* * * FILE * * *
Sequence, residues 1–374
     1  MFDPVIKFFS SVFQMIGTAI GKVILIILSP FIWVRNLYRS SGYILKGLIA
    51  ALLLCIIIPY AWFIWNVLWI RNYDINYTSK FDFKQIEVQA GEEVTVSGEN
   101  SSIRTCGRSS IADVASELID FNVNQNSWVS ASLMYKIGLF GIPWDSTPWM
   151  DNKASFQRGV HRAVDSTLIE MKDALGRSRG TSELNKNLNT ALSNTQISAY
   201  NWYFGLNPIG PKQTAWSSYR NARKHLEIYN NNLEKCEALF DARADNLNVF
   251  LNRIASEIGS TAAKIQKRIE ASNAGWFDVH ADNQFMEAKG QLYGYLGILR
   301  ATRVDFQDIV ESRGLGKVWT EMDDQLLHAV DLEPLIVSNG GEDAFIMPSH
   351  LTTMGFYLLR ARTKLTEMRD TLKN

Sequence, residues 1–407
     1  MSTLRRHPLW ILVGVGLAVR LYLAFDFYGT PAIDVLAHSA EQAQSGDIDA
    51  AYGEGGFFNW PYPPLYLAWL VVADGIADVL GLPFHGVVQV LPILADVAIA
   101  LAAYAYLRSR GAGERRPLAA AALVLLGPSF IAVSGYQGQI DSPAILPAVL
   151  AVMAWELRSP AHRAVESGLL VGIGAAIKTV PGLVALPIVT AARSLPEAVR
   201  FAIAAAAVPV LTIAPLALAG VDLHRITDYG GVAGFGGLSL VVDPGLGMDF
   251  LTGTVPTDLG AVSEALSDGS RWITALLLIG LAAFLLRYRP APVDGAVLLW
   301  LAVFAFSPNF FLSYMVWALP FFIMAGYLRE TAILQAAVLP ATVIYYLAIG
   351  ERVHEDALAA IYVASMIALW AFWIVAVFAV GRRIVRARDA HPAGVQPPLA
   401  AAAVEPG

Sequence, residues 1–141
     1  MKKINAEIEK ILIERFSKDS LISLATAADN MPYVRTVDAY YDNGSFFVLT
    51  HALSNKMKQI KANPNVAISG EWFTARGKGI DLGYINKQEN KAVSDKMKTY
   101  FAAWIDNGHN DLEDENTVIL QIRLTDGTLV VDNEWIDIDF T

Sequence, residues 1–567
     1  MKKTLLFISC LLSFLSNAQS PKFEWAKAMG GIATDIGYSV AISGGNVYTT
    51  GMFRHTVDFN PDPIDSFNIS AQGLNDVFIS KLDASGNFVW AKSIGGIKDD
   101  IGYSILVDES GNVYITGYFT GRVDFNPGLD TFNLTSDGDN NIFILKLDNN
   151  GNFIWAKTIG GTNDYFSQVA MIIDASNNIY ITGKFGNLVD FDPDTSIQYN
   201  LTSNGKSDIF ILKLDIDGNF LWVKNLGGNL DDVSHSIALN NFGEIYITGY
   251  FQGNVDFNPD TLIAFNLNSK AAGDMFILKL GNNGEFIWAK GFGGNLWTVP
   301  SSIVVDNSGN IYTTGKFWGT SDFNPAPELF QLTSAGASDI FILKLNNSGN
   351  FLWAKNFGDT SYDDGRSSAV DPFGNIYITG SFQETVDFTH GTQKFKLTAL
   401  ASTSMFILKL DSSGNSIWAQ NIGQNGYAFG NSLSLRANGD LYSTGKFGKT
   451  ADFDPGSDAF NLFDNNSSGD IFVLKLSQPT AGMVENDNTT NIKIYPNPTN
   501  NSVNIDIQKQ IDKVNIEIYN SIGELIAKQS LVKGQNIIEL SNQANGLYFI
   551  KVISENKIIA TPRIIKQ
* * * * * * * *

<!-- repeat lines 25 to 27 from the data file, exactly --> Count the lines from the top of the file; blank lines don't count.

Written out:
     1  MKKTLLFISC LLSFLSNAQS PKFEWAKAMG GIATDIGYSV AISGGNVYTT
    51  GMFRHTVDFN PDPIDSFNIS AQGLNDVFIS KLDASGNFVW AKSIGGIKDD
   101  IGYSILVDES GNVYITGYFT GRVDFNPGLD TFNLTSDGDN NIFILKLDNN